The GDPR is a tremendous step forward for the privacy profession, but the maturity of the profession is what makes GDPR compliance possible.
The privacy profession serves a profound societal role. This is the profession that will help shape the future of privacy and guide the development of technology in ethical ways. With the rapid growth of technology, the privacy profession is more essential than ever. This is the profession that thinks about the human consequences of technology and how to bring the dizzying uses of data under control. Privacy professionals are on the front lines of shaping the data-drenched world we’re racing to construct. This profession will affect our lives and our society in profound ways in the years to come.
My cartoon depicts the discrepancy in the security and privacy budgets at many organizations. Of course, the cartoon is an exaggeration. In an IAPP survey of Chief Privacy Officers at Fortune 1000 companies in 2014, privacy budgets were nearly half of what security budgets were. That’s actually better for privacy than many might expect. Outside the Fortune 1000, I think that privacy budgets are much smaller relative to security.
Fortunately, it does appear that privacy budgets have increased according to the 2016 IAPP-EY Annual Privacy Governance Report which surveyed 600 privacy professionals from around the world. Though the data captured in 2016 has far more details, comparing the charts published by the IAPP in 2015 vs 2016, you can see a significant increase in total privacy spend.
Fellowships can be a great way to kick start a career in privacy law. I have added new fellowships the list I published in February 2016, as well as updated deadlines and other relevant information. Click here to see the fully updated list of privacy fellowships. If you know of others I should add, please email me.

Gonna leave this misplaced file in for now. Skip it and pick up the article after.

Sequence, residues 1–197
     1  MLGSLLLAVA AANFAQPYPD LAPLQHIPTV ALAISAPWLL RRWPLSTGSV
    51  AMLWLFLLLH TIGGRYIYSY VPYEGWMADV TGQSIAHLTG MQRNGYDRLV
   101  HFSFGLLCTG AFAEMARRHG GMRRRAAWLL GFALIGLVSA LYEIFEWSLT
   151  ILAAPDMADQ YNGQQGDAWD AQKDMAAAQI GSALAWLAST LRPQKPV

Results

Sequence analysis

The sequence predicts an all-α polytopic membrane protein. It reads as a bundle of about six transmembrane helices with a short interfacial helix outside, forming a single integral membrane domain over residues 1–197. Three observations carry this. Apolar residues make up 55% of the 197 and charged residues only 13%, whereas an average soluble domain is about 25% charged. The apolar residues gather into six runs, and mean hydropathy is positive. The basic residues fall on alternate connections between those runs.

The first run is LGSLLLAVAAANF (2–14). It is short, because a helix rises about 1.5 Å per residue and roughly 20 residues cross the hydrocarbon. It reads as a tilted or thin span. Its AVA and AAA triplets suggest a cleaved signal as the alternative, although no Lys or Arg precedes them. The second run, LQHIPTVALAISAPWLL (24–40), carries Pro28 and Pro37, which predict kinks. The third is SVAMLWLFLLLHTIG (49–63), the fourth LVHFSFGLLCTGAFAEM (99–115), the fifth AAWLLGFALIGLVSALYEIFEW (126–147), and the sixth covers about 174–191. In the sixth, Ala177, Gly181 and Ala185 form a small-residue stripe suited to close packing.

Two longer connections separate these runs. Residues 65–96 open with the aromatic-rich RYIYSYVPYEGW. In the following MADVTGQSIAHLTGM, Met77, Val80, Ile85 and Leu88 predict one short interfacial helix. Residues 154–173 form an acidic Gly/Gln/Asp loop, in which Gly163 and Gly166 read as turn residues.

The privacy law profession is growing tremendously, but there is a challenge that we’re facing, one that I’d like to enlist your help in addressing – the bottleneck problem. There is a huge bottleneck at the entry point to the field. So I am calling on organizations to address this bottleneck by offering fellowships to recent law school graduates interested in privacy law.
Each year, I teach about 60-70 privacy law students, and there are many other professors teaching similar courses with large enrollments. Many great students want to enter the field, but they find it very hard to do so because nearly every position requires a number of years of experience.
Unlike other field with a more developed entry point, privacy lacks an easy way in. People have to do all sorts of career gymnastics to lateral sideways or slip in from other areas. A while ago, I solicited advice on entering the profession and provided advice of my own, and I posted about it in my post, How to Enter the Privacy Profession.
On the other side, many organizations are seeking to fill privacy law positions but are having a hard time finding enough people with experience.
A Call to Create Privacy Law Fellowships
The privacy profession must address the bottleneck problem and develop a reliable pathway to the profession.
I am therefore calling on companies and organizations to create privacy law fellowships that would last 1-2 years. If you create one, I will list it in my list of privacy law fellowships. Right now, the list is short, and most of the opportunities are in NGOs and the government, with a handful from the private sector. I’d like to triple or quadruple this list . . . and hopefully make it even longer than that.
So if you’re on the privacy team at an organization, please look into creating a fellowship position. If you’re a privacy law professor, please join in my call. A mature profession needs an entry point and a reliable pathway. It’s time to make that happen for privacy law.
The past 20 years have seen the remarkable emergence of the privacy profession. Starting from nothing, this profession originally included a handful of people called Chief Privacy Officers (CPOs). Nobody grew up saying they wanted to be a CPO. Nobody knew what CPOs did.